Throughout life, food plays an essential role in the development of the child, but even more so in times of accelerated growth. During the first year, breastfeeding, the introduction of new foods and the transition to eating for the elderly should be controlled to avoid nutrition problems.
The ideal food for the newborn is breast milk. No other food can replace it, since it meets the needs of energy, proteins, vitamins, minerals and water, which the baby needs to grow and develop properly. Colostrum, which is the fluid produced by the mammary glands during the first days after delivery, is rich in protein, vitamins and minerals.
In addition, it contains antibodies and anti-infective and anti-inflammatory agents, including immunoglobulins, which are very important in strengthening the immune system, and enzymes and hormones, which are beneficial for the development and growth of the baby. In addition, it avoids the risk of infectious diseases, both stomach and respiratory, allergies, colic and bone and tooth malformations.
The first 4-6 months of life are characterized by being a period of rapid growth, especially for the brain, and as breast milk contains amino acids and fatty acids, it is ideal to meet these needs.
During the first 12 months of life, the baby triples in weight and its height increases by 50 percent. These increases in weight and height are the main indices used to assess your nutritional status and are measured at regular intervals, compared to standard growth charts. These measurements are important tools in assessing a child's progress, especially between 6 and 12 months of age. As the baby grows, gradually develops its bodily and social functions, which requires a large amount of energy that needs to be ingested through food.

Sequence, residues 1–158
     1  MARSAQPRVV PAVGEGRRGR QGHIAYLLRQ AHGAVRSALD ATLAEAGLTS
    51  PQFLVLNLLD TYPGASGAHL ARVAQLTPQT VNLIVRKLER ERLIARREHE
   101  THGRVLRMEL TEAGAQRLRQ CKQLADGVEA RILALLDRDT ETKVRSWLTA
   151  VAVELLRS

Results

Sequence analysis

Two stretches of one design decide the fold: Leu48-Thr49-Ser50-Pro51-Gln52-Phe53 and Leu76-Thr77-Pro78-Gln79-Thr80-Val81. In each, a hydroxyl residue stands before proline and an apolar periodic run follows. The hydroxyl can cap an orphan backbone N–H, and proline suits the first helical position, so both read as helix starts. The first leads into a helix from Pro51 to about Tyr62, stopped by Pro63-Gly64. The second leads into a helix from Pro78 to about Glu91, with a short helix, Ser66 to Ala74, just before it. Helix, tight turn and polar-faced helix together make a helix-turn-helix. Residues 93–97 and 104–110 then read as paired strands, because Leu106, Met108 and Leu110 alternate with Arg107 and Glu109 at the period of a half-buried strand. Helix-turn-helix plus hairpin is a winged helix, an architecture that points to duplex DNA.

Adding solid complementary foods is a gradual process, starting around 6 months of age. The exact moment depends on the baby and the mother, and reflects the fact that although breast milk is sufficient during the first months, when the child grows up it no longer provides all the adequate nutrients on its own. It also helps the child to develop the ability to chew and speak. The quality, quantity and variety of solid foods is increasing at a rate that is normally imposed by the child himself.
Cereals are generally the first foods to be incorporated into an infant's diet, mixed with breast milk or formula, followed by pureed vegetables and fruits, and meat. If your baby is breastfed for the first 4 to 6 months of life, he will be less likely to develop allergies. The foods most likely to cause allergic reactions in sensitive children are egg whites and fish, which are generally incorporated after 12 months.
From the sixth month, it is recommended to supplement breastfeeding with other foods such as:
- Cereals. Rich vitamins of group B, which are involved in the synthesis of proteins and are essential for growth and development.
- Fruits and vegetables, rich in vitamins and minerals.
- Yolk. Gradually and well cooked. It contains fat-soluble vitamins A and D, essential for the formation of bones and tissues.
- meats. First, the least fat (chicken and turkey) and, gradually, that of beef and pork. They contain significant amounts of iron, which is a component of hemoglobin, necessary to transport oxygen and carbon dioxide in the blood, and for red blood cells, which are involved in energy production processes.
- Fish. In order, first the whites and after the year of life, the blue ones. Rich in essential fatty acids Omega 3 and Omega 6, vitamins of group B and zinc, which collaborates in the processes of obtaining energy, is essential for the proper functioning of the immune system or the body's defenses and has antioxidant action.
One aspect to take into account in the first year of life is the amount of iron provided by the diet, and for this reason, during childhood, the appearance of iron deficiency anemia is routinely monitored. The use of preparations or cereals enriched with iron and the consumption of foods rich in iron such as ground meats, can help prevent this problem.
Read the second part of the article: The importance of food in growth: puberty.
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